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Gulf Coast Express eases the Permian

PA Consulting energy expert Michael Bennett is quoted in Natural Gas World discussing US natural gas trends.

Read the full Natural Gas World article here

The article notes that the Kinder Morgan-led Gulf Coast Express pipeline entered service on September 25, alleviating some of the natural gas takeaway capacity constraints in the Permian Basin. The pipeline’s start-up is a particularly welcome development for operators given that natural gas is a by-product of drilling for oil in the basin, and regional producers have been struggling, as there is a shortage of infrastructure for handling it. The Permian is now estimated to be the largest US shale region by gas output growth despite the fact that drillers are prioritizing oil.

The $1.75bn Gulf Coast Express pipeline adds 2bn ft³/day of gas takeaway capacity out of the Permian. The pipeline will carry gas from the Waha area of West Texas to the Agua Dulce hub near the Texas Gulf Coast. From there the gas can be sent to LNG terminals along the coast, or across the border to Mexico via connecting pipelines.

Michael says: “The start-up of Gulf Coast Express was definitely good news for the natural gas industry, and especially producers in the Permian Basin.” 

Gulf Coast Express is already fully subscribed under long-term contracts, and is anticipated to fill up relatively quickly, leaving the basin’s producers waiting for more gas pipeline capacity to enter service. Several other pipelines of roughly the same capacity as Gulf Coast Express are already under development. Kinder Morgan is also involved in one of these projects, partnering with EagleClaw Midstream Ventures and Altus Midstream on the Permian Highway pipeline, which is due to enter service in late 2020. The other major Permian gas pipeline project to have reached a final investment decision (FID) is Whistler, which is being developed by MPLX, WhiteWater Midstream and a joint venture between Stonepeak Infrastructure Partners and West Texas Gas. It is expected to come online in 2021.

In the shorter term, Michael anticipates at least three 2bn ft³/day pipelines entering service over the next two years or so, in addition to Gulf Coast Express. “That should allow production to continue to grow. We’re looking for Permian production to reach 13bn ft³/day by 2022, and that’s slightly over a doubling since 2017.” As previously with the Permian, this growth will be driven by drilling for oil rather than for natural gas, with additional gas takeaway capacity removing one of the hurdles for producers.

The gas pipeline capacity additions will relieve some of the downward pressure on natural gas prices in the Permian. This wll be welcomed after prices at the Waha hub traded in negative territory earlier this year, as producers had to pay for their gas output to be taken away. Some operators responded to this by curtailing output, with Apache Corp temporarily halting production at its gas-rich Alpine High project in the Permian. The company is one of the shippers on Gulf Coast Express and has already started using the pipeline.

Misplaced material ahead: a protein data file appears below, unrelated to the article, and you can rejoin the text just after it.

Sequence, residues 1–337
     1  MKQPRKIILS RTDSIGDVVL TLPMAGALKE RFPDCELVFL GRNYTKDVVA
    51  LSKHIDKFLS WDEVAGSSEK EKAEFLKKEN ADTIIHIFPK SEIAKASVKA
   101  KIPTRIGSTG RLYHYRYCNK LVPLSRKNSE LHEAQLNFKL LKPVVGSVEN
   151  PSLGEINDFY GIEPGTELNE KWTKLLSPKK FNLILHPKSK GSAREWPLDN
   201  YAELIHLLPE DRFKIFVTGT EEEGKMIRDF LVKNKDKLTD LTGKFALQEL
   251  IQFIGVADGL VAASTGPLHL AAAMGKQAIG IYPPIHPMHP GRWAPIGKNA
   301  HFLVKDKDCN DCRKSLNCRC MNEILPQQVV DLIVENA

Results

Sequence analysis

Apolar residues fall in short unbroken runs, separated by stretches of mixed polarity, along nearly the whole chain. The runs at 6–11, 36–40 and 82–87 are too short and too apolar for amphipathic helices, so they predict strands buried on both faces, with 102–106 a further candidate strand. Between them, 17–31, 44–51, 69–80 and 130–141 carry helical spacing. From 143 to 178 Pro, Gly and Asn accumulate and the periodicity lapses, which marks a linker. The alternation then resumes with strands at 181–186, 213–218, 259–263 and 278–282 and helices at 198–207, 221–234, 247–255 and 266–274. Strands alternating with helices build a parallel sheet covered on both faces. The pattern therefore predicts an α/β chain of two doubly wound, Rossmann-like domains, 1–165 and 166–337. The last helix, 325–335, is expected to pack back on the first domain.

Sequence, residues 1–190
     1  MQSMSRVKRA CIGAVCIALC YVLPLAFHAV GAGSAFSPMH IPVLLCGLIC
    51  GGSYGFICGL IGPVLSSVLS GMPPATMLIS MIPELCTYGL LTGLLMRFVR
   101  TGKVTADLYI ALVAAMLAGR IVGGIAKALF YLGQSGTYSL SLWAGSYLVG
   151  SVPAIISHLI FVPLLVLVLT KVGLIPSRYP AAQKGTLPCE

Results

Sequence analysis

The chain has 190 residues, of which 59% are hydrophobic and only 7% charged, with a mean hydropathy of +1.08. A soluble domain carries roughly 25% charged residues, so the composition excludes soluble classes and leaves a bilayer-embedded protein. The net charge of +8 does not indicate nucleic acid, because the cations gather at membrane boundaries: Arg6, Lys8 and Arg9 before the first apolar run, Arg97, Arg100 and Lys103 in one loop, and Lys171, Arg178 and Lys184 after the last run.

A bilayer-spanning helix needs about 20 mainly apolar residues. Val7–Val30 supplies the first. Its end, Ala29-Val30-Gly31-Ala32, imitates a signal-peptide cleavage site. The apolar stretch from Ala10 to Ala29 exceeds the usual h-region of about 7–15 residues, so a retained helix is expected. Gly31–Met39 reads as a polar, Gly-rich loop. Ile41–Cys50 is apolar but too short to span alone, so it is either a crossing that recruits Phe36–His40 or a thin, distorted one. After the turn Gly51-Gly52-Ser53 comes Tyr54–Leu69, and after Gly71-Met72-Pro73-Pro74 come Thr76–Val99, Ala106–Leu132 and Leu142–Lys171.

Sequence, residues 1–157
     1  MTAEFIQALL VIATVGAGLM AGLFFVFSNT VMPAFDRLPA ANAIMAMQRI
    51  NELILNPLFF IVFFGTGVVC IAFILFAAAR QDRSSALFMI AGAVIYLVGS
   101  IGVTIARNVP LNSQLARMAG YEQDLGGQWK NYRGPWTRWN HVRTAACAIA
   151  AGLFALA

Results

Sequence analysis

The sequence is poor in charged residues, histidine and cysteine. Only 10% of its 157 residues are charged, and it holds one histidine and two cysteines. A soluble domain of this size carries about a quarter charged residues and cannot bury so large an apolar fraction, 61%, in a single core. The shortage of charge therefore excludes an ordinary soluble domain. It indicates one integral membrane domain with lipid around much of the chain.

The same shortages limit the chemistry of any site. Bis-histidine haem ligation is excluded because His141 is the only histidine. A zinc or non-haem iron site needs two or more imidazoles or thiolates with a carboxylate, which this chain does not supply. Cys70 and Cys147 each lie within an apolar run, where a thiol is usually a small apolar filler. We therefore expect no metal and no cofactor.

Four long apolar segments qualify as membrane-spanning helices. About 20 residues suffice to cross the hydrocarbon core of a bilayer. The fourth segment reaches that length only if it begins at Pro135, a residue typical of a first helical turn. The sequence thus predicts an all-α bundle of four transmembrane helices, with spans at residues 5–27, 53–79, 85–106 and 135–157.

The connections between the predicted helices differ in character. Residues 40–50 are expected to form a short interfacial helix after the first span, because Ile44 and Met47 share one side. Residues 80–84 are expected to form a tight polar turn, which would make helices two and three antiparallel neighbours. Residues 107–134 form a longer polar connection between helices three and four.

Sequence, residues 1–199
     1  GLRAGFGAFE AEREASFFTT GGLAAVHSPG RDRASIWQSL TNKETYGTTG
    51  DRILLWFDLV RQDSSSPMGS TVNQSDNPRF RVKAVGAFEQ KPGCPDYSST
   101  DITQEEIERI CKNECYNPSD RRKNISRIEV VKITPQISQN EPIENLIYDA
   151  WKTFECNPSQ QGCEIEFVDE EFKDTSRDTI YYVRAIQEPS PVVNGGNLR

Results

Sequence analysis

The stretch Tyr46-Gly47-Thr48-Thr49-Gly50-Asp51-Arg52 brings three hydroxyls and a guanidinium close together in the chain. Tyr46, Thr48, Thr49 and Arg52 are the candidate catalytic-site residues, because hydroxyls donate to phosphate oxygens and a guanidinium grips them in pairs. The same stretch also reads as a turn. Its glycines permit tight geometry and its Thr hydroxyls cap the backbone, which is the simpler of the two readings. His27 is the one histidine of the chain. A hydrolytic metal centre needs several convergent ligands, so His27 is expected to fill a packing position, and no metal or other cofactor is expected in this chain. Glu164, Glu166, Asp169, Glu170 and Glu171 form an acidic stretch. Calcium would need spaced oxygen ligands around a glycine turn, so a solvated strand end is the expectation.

When Kinder Morgan started filling Gulf Coast Express in August, gas prices at the Waha hub rose to their highest since March, with the differential between Waha and the Henry Hub benchmark narrowing to its lowest since January.

Michael expects Waha to trade at a discount to Henry Hub over the next few years. “We still see $0.50 or $0.40 [per million British thermal units] discounts as the norm, especially when you get out into 2023 or so. There’s just so much supply, and because the supply is so affordable and economic due to its associated nature, producers can still crank out production while still receiving discounts to Henry Hub.”

Producers hoping that Gulf Coast Express – and the expectation of additional new pipeline capacity – will help to reduce flaring of excess gas in the Permian Basin may also be somewhat disappointed. Flaring in the region has reached record highs this year and with both oil and gas output set to grow further still, takeaway capacity will remain insufficient to cater for all of the gas being produced.

Michael adds: “I think the new pipelines will help, but we wouldn’t expect flaring to decrease dramatically anytime soon. There are still processing constraints and gathering constraints, and the lead time on the rest of the pipelines is still two or three years out.”

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